Native American Storytelling

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Native American Storytelling
Kyle Lysher
ENG/301
05/10/2015
Julie Kares
Native American Storytelling
While each culture on the planet has its own unique identity, an identity that is usually rich with traditions and habits, few cultures have such a grounded and strong cultural identity as the Native Americans. Many of their beliefs and traditions are shrouded in mystery, yet seemingly on display for the world to see - a culture of conflict and peace, acceptance and denial, the Native American culture is wrought with contradictions, contradictions that lend themselves very well to the use of storytelling that has been at the root of their culture. While other cultures may have made use of storytelling during times when the written form was unavailable to them, Native American literature continues to make use of storytelling long after education and the written word came to their culture. Storytelling is so much more than the verbal or written recitation of a previous event, it is the life blood of Native American culture and is thus embedded in their literature, as is evident in many of the tales contained within Gerald Vizenor's anthology of literature.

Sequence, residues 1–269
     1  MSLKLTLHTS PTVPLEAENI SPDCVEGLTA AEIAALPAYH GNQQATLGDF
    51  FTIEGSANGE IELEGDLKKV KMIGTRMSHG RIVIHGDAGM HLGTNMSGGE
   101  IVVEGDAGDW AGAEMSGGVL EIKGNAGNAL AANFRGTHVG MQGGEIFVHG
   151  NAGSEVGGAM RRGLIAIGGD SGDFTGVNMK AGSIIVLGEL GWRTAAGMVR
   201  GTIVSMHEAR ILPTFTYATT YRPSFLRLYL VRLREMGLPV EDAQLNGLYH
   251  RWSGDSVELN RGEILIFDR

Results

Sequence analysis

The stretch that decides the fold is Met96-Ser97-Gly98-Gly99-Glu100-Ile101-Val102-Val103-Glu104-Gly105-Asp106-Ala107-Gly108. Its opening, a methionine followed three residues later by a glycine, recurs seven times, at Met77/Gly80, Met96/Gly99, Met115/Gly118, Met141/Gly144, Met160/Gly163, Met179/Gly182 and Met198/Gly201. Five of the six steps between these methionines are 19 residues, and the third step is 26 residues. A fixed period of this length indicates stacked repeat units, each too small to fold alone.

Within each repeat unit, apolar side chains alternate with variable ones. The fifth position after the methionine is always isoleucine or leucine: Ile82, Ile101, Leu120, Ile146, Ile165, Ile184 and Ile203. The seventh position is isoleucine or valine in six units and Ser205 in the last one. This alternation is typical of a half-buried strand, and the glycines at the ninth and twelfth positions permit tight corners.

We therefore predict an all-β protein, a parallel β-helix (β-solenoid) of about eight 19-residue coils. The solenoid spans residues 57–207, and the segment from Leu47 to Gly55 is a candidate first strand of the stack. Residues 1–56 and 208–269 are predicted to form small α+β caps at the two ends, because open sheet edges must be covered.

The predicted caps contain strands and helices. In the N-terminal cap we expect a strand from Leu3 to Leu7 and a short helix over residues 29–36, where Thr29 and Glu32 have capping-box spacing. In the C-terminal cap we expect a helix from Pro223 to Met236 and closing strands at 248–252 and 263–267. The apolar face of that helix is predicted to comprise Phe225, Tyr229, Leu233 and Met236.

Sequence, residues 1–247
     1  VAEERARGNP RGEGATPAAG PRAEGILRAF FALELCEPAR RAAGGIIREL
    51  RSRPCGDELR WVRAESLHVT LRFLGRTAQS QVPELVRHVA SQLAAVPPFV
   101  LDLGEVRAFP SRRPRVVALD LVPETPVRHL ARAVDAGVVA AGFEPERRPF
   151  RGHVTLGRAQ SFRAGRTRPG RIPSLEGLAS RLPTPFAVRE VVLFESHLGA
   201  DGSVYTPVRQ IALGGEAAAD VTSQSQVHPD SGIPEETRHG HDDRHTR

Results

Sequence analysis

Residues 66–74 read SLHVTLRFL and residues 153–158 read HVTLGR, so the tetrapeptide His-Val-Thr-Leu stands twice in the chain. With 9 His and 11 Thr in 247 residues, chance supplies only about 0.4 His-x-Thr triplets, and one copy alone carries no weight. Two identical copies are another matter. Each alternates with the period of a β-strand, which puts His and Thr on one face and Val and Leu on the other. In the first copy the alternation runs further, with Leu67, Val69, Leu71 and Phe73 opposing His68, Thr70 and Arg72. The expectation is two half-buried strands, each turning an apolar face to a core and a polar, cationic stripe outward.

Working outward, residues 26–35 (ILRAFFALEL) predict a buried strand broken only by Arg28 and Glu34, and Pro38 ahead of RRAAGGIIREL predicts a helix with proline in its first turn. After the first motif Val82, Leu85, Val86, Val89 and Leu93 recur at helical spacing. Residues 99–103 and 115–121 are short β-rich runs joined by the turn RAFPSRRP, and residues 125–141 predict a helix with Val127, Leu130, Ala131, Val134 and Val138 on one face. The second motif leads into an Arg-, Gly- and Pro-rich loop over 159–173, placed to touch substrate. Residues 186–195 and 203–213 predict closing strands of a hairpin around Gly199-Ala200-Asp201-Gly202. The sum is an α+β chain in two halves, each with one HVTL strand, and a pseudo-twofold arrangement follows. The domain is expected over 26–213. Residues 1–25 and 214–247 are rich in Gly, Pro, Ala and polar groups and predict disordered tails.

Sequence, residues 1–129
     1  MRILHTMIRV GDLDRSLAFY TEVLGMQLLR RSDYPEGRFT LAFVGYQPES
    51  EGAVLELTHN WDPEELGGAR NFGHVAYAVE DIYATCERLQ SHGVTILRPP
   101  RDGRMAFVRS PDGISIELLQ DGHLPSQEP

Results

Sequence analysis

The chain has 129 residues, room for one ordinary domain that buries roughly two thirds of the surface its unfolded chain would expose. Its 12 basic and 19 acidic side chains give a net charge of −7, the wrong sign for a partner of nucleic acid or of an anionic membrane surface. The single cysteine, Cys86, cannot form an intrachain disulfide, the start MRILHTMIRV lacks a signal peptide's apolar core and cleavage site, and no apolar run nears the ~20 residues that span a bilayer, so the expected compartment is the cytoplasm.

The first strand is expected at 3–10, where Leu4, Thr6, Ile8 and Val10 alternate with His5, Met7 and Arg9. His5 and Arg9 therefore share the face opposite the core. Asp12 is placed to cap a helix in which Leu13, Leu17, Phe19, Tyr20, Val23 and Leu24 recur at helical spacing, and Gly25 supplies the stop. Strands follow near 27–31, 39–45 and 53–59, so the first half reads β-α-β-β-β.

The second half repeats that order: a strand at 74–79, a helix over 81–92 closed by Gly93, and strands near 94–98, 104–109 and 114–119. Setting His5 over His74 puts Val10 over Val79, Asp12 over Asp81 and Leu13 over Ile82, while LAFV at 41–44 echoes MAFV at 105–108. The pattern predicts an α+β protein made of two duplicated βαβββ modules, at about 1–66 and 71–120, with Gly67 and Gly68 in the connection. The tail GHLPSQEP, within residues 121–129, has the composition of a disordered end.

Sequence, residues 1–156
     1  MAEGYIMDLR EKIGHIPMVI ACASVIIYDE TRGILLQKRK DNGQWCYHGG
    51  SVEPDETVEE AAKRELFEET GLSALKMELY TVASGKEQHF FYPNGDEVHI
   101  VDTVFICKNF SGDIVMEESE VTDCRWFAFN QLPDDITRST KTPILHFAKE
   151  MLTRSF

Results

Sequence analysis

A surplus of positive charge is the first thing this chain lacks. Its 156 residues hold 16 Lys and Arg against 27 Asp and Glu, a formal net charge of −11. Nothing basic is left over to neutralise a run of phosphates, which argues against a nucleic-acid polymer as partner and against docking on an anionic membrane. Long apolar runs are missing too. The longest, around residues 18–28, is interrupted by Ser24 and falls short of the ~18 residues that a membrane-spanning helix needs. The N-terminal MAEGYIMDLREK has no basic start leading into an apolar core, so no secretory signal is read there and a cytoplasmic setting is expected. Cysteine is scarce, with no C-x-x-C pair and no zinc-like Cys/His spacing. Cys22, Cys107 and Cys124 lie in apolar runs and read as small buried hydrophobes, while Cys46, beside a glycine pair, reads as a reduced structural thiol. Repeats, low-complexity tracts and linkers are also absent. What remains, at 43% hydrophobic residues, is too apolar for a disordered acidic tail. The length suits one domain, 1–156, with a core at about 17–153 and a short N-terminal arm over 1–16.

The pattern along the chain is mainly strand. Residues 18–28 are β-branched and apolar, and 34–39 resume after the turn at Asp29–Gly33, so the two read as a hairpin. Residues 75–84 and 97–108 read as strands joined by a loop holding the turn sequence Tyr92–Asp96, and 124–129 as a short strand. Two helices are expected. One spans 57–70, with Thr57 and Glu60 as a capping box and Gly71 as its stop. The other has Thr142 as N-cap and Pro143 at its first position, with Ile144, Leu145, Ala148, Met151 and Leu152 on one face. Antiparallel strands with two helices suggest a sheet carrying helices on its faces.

When browsing Native American literature, it is almost impossible to separate literary conventions from prominent works in their culture as storytelling is both a historical record and a means by which Native Americans often preserve their cultural identity. Historically, stories were typically told by one person, such as a tribal elder, to a group of others, typically younger people, as a means to speak about the history of their people while also providing an important lesson about behavior (Vizenor, 1995). Each story in Native American culture holds a different value to be imparted to a younger generation, sometimes warning young women away from men of ill intentions or recounting heroic deeds of warriors long since passed, but each story shares a common bond - the use of a narrator. "The...